2017 Financial Goals – May Update

2017 Financial Goals

In previous updates I told you my wife and I focus on some financial goals…so we have a hope of realizing them.  This blog is an enabler for that.

Our 2017 money goals are rather simple but also aggressive.  Stretch targets are good to have.  They push you.  As part of our long-term goals we’re inching closer towards covering basic living expenses from dividend income eventually.

(Sorry indexers, I know some of you aren’t a fan of my dividend investing approach but this is part of our broader financial plan.  I’ve gotten more emails and comments on my site recently (and on other sites) about this – why invest this way at all – it seems “ridiculously stupid” to quote one reader on my friend’s site here.  No doubt your money habits and investing journey has been different.  I might want to remind you that no two indexers probably have the same portfolios, in the same products, in the same amounts, let alone have the same long-term financial goals.  I think that’s great.  Why?  That doesn’t make your investing journey “ridiculously perfect” – it just makes it different.  Anyhow, just a point I wanted to get across. Small rant over).

In today’s dollars, here’s a list of expenses we hope income from our portfolio can cover within 10 years, by age 50 if possible:
• *Property taxes ($4,200 per year)
• *Home utilities (heat, hydro, water, internet, cable; up to $7,800 per year)
• Home maintenance ($4,800 per year)
• Home insurance (at least $1,500 per year)
• Food and household supplies (up to $11,000 per year)
• Healthcare needs (various).

*Can already be used if we really needed it to.  


When we do the math that’s about $30,000 per year to cover basic living expenses. Not trivial…

Image courtesy of Carl Richards, Behavior Gap.

Goals Update

Since March we’ve made some small progress:

1. Do not to incur any new debt. Check!
2. Maximize our Tax Free Savings Accounts (TFSAs). These accounts are used to help us with our dividend income goal so they remain a big priority to maximize contributions every year. Check – goal accomplished.
3. Make double-up mortgage payments. Even with our mortgage borrowing costs as low as they are today (less than 2%), we believe having no debt in our financial future will give us options.  Goal in progress.
4. Save $5,000 for a vacation. We’ve purchased our tickets for our next big international trip. Portugal should be fun. Tickets are bought and paid for. We need to save another $2,500 to cover accommodations, our rental car expense and food. Another saving goal in progress.
5. Save $5,000 towards a new car. This hot rod is now 17-years-old. It is rusting out but it does the job. We’ll try and keep it on the road until 2018. This way we have time to save up for a newer car in advance.
6. Top up our emergency fund. Check – goal accomplished. We keep our emergency fund at a decent amount. We’ll probably increase it by $1,000 next year to cover inflation but that’s next year…

Lastly, you might notice we don’t have any RRSP-contribution goal. My RRSP is out of contribution room. My wife has some RRSP room left but not very much. We believe maxing out our RRSPs and TFSAs is a healthy financial thing to do before really ramping up the non-registered investing.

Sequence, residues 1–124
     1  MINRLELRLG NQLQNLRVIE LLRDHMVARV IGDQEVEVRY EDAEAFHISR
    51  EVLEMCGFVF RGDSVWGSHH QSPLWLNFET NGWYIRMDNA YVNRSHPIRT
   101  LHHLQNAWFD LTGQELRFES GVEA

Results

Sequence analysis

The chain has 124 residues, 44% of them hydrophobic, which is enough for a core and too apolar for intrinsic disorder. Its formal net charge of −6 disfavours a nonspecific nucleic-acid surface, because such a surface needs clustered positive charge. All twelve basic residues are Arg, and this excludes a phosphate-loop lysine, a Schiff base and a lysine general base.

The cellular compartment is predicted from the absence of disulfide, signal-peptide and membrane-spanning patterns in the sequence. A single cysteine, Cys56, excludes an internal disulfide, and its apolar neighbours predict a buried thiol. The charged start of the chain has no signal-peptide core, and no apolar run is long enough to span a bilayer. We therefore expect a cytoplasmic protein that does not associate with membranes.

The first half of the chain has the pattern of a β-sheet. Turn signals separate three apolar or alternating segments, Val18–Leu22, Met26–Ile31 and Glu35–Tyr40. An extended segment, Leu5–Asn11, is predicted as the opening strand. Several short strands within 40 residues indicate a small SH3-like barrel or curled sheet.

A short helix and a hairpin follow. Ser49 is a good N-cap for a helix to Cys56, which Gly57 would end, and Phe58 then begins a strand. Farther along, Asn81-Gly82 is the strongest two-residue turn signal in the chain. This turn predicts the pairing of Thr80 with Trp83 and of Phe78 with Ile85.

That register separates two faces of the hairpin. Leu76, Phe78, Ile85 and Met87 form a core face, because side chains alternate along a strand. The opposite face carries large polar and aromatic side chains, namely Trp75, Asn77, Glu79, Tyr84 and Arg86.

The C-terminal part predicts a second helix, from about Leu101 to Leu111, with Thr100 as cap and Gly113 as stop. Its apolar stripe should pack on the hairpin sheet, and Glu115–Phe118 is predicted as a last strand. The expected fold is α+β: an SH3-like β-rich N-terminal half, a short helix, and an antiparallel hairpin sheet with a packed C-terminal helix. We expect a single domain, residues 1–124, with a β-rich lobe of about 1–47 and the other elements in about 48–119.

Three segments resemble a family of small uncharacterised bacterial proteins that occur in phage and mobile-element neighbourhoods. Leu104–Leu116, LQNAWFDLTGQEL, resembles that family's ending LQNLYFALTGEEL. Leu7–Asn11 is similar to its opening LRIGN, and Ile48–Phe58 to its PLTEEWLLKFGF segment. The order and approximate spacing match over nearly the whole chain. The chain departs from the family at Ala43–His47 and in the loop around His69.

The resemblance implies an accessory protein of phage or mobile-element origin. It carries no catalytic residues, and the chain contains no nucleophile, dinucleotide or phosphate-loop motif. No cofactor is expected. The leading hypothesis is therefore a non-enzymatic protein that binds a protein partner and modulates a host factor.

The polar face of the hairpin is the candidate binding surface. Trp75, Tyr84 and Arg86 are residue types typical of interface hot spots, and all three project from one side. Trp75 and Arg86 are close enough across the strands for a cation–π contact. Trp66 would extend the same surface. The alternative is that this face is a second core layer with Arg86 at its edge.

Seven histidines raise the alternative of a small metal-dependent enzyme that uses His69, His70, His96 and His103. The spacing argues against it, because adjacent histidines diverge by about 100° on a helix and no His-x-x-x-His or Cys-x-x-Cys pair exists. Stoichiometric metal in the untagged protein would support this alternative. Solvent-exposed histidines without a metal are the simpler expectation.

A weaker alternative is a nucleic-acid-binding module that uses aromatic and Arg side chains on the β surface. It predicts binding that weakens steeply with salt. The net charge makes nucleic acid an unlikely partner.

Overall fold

So that’s our update. Two goals accomplished. One goal well underway (saving for vacation) and a few more in progress. I’m optimistic things can keep going forward. Stay tuned for more updates and thanks for being a fan, even the indexers.

Got comments on our savings goals and general approach?  Happy to hear it.  

My name is Mark Seed - the founder, editor and owner of My Own Advisor. As my own DIY financial advisor, I'm looking to start semi-retirement soon, sooner than most. Find out how, what I did, and what you can learn to tailor your own financial independence path. Join the newsletter read by thousands each day, always FREE.

30 Responses to "2017 Financial Goals – May Update"

  1. Hi Mark,
    I forgot if you answered this question already- do you continue to DRIP any dividend stocks in any of your accounts or just take the cash and build this up to buy more of another stock when that amount seems high enough to make the commission cost worth it?

    rooting for the Sens’s here…hope they come through this weekend 🙂

  2. Mark, It’s encouraging to see you continue to progress, surpass step goals and stay true to your chosen path. Your 6 listed goals are A1 with me and the way I’d approach it given the same situation. Nice work.

    You know what you’re doing and it is working, and it will work in the future. There isn’t only one way to reach a persons goals, and comments that suggest otherwise are simply wrong.

    1. I don’t mind the different perspectives. I think that is healthy and welcome it. What I don’t like is the condescending tone that comes with it. I could certainly poke back because nobody is perfect but I don’t have the energy to fight with people – they likely would’t see the flaws in their behaviour anyhow. I learned a long time ago that people who like to believe they are right all the time likely have an insecurity issue that’s never been dealt with.

      We’re doing OK in life and I’m thankful for my health and many other things. Money and investing, although interesting, certainly isn’t everything.

      1. Good points I concur with… also one of the drawbacks with anonymous internet boards/blogs etc.

        Your last paragraph is the one I agree with most.